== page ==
Much as we can learn about the times of Paul (compare Selden, In the Time of Paul, 1900, for a brief sketch of Paul's world), we know something of the political structure of the Roman world, the social life of the 1st century AD, the religious condition of the age, the moral standards of the time, the intellectual tendencies of the period. New discoveries continue to throw fresh light on the life of the middle and lower classes among whom Paul chiefly labored. And, if Deissmann in his brilliant study (St. Paul, A Study in Social and Religious History) has pressed too far the notion that Paul the tent-maker ranks not with Origen, but with Amos the herdman (p. 6, on p. 52 he calls it a mistake "to speak of Paul the artisan as a proletarian in the sense which the word usually bears with us"), yet he is right in insisting that Paul is "a religious genius" and "a hero of piety" (p. 6). It is not possible to explain the personality and work of a man like Paul by his past and to refer with precision this or that trait to his Jewish or Greek training (Alexander, Ethics of Paul, 58). "We must allow something to his native originality" (same place) . We are all in a sense the children of the past, but some men have much more the power of initiative than others. Paul is not mere "eclectic patchwork" (Bruce, Paul's Conception of Christ, 218). Even if Paul was acquainted with Philo, which is not certain, that fact by no means explains his use of Philo, the representative Jew of the Hellenistic age. "Both are Jews of the Dispersion, city-dwellers, with marked cosmopolitan traits. Both live and move in the Septuagint Bible. Both are capable of ecstatic and mystical experiences, and have many points of contact in detail. And yet they stand in very strong contrast to one another, a contrast which reminds us of the opposition between Seneca and Paul. .... Philo is a philosopher, Paul the fool pours out the vials of his irony upon the wisdom of the world" (Deissmann, Paul, 110). Deissmann, indeed, cares most for "the living man, Paul, whom we hear speaking and see gesticulating, here playful, gentle as a father, and tenderly coaxing, so as to win the hearts of the infatuated children--there thundering and lightning with the passionate wrath of a Luther, with cutting irony and bitter sarcasm on his lips" (ibid., 16 f).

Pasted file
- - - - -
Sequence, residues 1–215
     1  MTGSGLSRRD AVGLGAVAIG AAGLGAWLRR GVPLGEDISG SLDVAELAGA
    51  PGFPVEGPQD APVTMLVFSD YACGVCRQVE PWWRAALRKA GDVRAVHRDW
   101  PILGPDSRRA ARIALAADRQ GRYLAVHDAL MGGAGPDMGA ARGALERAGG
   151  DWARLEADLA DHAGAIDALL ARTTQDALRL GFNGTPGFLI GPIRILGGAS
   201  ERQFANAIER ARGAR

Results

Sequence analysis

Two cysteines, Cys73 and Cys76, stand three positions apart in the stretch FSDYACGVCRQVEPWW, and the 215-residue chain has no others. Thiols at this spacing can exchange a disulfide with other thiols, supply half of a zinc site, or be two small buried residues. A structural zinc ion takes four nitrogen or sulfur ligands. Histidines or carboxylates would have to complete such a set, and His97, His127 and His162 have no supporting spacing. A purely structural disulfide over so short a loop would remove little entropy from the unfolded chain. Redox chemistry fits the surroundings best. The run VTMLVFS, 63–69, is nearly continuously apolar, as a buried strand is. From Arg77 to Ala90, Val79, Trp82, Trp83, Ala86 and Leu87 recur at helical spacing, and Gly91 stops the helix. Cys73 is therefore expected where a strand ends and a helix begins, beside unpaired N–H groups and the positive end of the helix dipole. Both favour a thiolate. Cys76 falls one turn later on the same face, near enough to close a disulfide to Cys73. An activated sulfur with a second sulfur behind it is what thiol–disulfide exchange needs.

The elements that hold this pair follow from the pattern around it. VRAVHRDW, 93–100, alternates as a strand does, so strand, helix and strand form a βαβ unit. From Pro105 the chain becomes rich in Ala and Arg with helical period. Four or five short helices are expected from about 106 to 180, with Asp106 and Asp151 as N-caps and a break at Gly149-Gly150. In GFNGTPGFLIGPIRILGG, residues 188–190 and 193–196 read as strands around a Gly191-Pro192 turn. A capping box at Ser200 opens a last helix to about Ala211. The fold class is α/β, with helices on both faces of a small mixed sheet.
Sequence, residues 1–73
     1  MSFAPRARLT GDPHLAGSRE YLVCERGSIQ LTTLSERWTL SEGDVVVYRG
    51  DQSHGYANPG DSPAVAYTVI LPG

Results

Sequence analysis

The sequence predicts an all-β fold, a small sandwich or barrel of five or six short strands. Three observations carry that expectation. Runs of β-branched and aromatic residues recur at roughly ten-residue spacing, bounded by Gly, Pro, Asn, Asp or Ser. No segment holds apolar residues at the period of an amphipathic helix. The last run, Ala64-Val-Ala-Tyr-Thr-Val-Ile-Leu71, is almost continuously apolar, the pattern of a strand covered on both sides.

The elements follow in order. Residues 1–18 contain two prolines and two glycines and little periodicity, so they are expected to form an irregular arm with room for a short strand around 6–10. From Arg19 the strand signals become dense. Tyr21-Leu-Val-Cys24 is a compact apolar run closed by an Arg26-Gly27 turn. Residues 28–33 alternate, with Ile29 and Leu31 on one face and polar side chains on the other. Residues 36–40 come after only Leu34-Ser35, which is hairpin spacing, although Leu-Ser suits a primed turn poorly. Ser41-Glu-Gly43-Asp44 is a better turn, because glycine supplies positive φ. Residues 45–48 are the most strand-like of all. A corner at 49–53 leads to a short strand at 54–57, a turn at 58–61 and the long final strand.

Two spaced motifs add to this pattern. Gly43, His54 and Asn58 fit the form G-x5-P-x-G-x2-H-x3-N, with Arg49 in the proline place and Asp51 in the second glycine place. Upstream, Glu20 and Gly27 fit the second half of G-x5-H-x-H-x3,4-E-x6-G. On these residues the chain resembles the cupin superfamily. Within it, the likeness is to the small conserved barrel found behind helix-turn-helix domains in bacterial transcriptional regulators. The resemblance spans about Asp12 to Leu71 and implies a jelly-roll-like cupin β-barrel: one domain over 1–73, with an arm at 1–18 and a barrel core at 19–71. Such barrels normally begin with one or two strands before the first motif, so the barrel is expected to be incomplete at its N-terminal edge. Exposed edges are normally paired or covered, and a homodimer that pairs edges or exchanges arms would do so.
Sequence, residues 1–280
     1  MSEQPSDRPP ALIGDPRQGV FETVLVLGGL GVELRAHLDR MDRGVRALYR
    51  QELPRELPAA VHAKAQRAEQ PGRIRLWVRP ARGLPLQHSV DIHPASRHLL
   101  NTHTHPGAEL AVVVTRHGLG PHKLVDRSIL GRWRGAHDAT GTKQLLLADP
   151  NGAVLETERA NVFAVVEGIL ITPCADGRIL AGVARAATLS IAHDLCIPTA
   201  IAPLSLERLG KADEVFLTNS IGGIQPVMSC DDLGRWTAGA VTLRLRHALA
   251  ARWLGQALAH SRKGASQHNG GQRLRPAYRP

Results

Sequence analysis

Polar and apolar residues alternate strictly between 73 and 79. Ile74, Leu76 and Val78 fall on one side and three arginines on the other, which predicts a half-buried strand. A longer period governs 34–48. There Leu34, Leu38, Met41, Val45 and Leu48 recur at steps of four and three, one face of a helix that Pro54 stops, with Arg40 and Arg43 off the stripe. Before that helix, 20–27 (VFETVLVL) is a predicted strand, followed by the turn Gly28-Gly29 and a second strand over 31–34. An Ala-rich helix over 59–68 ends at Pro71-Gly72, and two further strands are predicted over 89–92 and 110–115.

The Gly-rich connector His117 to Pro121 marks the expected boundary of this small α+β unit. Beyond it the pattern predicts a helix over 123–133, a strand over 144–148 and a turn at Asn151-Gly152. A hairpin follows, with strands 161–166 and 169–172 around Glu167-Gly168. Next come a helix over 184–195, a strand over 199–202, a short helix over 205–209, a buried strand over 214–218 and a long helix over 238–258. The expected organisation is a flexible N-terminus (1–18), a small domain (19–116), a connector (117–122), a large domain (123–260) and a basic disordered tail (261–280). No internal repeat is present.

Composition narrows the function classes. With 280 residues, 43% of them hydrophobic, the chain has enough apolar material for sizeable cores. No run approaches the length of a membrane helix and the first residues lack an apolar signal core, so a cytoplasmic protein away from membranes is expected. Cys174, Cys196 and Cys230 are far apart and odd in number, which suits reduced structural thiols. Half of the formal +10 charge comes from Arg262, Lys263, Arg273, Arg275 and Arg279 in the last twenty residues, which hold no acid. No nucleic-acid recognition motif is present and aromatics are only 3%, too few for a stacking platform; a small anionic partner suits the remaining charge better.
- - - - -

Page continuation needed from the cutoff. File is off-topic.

(1) Personal Appearance.